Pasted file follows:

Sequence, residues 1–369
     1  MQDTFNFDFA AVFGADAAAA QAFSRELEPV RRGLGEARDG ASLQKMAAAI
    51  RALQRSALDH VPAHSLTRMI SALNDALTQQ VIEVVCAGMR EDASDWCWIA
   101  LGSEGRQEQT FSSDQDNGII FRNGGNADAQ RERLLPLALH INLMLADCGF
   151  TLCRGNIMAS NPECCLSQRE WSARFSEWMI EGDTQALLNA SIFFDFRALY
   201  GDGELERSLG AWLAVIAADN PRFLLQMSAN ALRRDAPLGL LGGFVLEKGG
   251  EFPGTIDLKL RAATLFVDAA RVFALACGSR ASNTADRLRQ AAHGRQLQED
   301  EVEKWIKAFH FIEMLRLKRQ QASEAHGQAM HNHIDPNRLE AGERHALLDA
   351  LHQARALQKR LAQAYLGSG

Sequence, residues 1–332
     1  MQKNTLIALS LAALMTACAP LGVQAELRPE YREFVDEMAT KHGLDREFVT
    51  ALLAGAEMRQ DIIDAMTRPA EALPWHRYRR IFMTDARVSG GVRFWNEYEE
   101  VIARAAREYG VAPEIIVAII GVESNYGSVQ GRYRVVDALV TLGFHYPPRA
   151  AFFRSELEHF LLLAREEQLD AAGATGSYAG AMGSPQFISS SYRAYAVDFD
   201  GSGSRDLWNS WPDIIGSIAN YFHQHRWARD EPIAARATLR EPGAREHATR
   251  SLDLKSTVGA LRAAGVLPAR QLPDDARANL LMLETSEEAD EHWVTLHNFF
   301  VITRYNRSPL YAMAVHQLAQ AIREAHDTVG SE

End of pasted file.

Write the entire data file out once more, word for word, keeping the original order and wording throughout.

Sequence, residues 1–369
     1  MQDTFNFDFA AVFGADAAAA QAFSRELEPV RRGLGEARDG ASLQKMAAAI
    51  RALQRSALDH VPAHSLTRMI SALNDALTQQ VIEVVCAGMR EDASDWCWIA
   101  LGSEGRQEQT FSSDQDNGII FRNGGNADAQ RERLLPLALH INLMLADCGF
   151  TLCRGNIMAS NPECCLSQRE WSARFSEWMI EGDTQALLNA SIFFDFRALY
   201  GDGELERSLG AWLAVIAADN PRFLLQMSAN ALRRDAPLGL LGGFVLEKGG
   251  EFPGTIDLKL RAATLFVDAA RVFALACGSR ASNTADRLRQ AAHGRQLQED
   301  EVEKWIKAFH FIEMLRLKRQ QASEAHGQAM HNHIDPNRLE AGERHALLDA
   351  LHQARALQKR LAQAYLGSG

Sequence, residues 1–332
     1  MQKNTLIALS LAALMTACAP LGVQAELRPE YREFVDEMAT KHGLDREFVT
    51  ALLAGAEMRQ DIIDAMTRPA EALPWHRYRR IFMTDARVSG GVRFWNEYEE
   101  VIARAAREYG VAPEIIVAII GVESNYGSVQ GRYRVVDALV TLGFHYPPRA
   151  AFFRSELEHF LLLAREEQLD AAGATGSYAG AMGSPQFISS SYRAYAVDFD
   201  GSGSRDLWNS WPDIIGSIAN YFHQHRWARD EPIAARATLR EPGAREHATR
   251  SLDLKSTVGA LRAAGVLPAR QLPDDARANL LMLETSEEAD EHWVTLHNFF
   301  VITRYNRSPL YAMAVHQLAQ AIREAHDTVG SE